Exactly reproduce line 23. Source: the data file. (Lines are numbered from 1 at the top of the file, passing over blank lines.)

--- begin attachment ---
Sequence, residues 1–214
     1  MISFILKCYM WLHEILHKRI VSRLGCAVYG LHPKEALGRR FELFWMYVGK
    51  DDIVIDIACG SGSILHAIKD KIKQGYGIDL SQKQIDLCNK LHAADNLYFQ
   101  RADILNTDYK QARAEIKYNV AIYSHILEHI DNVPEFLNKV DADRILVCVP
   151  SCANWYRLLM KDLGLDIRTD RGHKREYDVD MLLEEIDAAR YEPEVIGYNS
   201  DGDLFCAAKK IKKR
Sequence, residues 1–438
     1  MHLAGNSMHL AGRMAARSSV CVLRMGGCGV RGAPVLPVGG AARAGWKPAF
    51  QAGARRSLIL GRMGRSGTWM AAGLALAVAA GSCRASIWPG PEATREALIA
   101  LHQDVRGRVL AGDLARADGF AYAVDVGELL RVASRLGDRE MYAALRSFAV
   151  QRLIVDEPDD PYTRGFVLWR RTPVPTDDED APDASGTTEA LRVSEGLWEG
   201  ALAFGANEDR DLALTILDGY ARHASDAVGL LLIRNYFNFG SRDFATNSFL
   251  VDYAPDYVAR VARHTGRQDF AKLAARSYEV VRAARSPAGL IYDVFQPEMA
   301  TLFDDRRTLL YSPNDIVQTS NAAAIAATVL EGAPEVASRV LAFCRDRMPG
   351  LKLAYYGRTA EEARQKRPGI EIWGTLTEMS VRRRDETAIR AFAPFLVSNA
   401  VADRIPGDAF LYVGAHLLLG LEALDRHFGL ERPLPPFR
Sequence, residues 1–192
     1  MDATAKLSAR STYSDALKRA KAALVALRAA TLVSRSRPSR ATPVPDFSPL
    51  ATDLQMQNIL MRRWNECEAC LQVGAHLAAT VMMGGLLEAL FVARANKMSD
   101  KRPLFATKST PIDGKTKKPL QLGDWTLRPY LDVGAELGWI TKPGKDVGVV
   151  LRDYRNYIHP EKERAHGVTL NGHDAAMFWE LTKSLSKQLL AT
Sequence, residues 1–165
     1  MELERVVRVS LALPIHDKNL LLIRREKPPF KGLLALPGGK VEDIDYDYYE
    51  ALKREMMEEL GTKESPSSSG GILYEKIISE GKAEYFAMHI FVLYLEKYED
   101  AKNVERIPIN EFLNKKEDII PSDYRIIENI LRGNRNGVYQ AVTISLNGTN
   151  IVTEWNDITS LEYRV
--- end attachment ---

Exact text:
     1  MELERVVRVS LALPIHDKNL LLIRREKPPF KGLLALPGGK VEDIDYDYYE